The platform was bomber and made my time out in space considerably less stressful. Although working above a 30' drop on a 2' wide walkway is never my preferred way to spend my time.

I may have left a grease/sweat spot on the sloped ceiling where I was using my head to stabilize myself while using my hands.

Wood Automotive design Table Interior design Flooring
Light Black Building Rectangle Interior design
Building Interior design Architecture Wood Wall
 

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I pretwist and then use wire nuts. Solder pots rule.
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Up until last Memorial Day doing this was easy, I wouldn’t think twice about walking the plank or I-beam.
Then in a matter of moments I got Peripheral vertigo due to vestibular nerve (neuronitis) damage while I was at home. I couldn’t see strait, walk or even lay down with out spinning. I ended up in ER and inside a CT and MRI machine.
It hit so quickly and so hard that I will never go to heights without a harness. My boss told me I won’t have to operate a condor or flying carpet anymore.
 

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Destroy the evidence as soon as you can. If your insurance company or your workman's comp folks ever see this you could be in a lot of trouble. Where I live it is way cheaper to have private insurance and state workman's comp than to combine them into one.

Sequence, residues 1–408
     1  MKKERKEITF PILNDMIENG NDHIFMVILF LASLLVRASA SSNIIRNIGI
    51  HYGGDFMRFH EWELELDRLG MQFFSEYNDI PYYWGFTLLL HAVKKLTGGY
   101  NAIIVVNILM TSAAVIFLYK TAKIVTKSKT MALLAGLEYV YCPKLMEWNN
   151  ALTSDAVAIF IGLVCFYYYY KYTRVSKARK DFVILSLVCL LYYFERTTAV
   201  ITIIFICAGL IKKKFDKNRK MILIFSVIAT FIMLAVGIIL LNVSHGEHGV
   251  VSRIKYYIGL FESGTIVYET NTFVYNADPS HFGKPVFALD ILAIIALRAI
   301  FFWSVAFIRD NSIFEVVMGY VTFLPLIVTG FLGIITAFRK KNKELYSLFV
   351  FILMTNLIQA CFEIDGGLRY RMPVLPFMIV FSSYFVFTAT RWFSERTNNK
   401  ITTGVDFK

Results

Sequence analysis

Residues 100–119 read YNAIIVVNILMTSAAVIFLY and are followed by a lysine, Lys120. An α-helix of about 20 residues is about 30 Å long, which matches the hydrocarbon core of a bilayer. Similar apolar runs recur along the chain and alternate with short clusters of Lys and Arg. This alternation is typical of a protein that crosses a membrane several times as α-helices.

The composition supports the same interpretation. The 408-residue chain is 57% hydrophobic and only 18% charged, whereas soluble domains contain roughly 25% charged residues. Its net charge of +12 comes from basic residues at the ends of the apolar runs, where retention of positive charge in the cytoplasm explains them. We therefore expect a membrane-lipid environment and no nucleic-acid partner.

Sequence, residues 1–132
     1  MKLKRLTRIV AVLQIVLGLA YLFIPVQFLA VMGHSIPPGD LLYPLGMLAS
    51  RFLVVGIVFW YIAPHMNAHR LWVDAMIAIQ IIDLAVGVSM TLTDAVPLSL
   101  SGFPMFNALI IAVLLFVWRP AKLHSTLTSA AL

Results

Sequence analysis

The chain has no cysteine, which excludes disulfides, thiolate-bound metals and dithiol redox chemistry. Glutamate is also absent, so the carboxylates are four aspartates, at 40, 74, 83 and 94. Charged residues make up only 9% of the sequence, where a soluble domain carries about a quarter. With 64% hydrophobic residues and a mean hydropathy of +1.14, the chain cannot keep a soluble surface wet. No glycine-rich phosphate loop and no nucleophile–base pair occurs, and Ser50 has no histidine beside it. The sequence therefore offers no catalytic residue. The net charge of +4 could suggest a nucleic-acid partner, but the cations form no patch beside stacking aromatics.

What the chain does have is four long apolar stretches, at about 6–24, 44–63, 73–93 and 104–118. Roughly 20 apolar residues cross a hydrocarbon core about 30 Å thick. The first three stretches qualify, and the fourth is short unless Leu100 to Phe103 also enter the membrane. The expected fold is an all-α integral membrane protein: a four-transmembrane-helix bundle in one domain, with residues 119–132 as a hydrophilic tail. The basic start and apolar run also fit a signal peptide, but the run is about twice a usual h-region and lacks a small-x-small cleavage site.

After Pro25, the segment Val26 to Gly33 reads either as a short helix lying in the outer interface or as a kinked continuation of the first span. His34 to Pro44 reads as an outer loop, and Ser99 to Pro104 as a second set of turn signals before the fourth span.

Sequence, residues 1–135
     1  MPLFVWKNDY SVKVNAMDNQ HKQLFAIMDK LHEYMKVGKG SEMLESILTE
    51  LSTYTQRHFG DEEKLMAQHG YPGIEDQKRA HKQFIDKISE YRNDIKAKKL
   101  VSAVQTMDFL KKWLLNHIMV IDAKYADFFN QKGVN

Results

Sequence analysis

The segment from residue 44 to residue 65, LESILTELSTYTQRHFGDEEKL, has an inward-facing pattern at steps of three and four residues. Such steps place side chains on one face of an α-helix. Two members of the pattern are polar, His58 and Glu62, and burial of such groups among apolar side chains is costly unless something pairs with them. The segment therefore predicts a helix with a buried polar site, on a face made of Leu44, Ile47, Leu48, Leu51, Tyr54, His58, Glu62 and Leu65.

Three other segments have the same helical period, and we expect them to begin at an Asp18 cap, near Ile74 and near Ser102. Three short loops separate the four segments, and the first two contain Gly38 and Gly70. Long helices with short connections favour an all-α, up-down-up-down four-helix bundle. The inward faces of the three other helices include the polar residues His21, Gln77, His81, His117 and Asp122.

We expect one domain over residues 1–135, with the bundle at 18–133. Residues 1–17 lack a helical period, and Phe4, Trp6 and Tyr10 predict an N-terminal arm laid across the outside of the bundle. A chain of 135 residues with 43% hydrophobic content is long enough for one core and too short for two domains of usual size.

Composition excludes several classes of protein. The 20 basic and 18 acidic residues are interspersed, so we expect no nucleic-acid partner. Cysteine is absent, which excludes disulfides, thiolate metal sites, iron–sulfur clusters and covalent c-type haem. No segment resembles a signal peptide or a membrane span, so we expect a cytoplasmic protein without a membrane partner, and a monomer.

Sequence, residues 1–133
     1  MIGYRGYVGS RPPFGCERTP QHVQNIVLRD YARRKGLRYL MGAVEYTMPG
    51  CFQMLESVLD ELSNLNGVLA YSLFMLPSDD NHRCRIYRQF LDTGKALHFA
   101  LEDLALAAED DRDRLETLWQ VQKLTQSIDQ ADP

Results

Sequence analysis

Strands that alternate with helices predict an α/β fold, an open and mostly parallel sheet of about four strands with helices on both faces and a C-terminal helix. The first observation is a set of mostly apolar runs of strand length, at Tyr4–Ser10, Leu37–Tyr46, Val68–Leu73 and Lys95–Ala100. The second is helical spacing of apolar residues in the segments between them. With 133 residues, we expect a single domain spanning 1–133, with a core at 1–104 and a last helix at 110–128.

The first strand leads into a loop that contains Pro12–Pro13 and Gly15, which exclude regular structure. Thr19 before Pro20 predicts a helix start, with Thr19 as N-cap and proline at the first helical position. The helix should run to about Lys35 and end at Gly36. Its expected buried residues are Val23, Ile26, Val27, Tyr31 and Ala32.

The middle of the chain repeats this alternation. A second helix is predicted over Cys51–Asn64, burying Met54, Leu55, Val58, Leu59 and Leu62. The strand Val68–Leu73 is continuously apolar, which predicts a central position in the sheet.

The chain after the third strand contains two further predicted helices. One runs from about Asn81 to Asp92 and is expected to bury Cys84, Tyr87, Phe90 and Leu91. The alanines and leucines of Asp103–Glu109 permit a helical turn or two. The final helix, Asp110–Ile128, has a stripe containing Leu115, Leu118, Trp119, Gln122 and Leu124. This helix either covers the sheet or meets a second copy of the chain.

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Chief Flunky
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Turn them vertical. Cut a couple pieces off and screw them in between every few feet to make boxes. Screw your 2x12s on top. You can drive on that with a vehicle if you space the cross supports close enough.
 

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Nice! Your setup looks good to me. I have worked off legit scaffolds that were far worse.

Around the first few months of my apprenticeship, I was working for a company doing mostly cookie cutter homes.
One custom house had a 2 storey vaulted entrance.
Being the biggest guy, I was chosen to hold the back two legs of a 12' ladder, with the front legs set on two 4 footers. The smallest guy scurried up the tower and quickly hung it while two others supported its weight with a 2x4 cantilevered over the railing.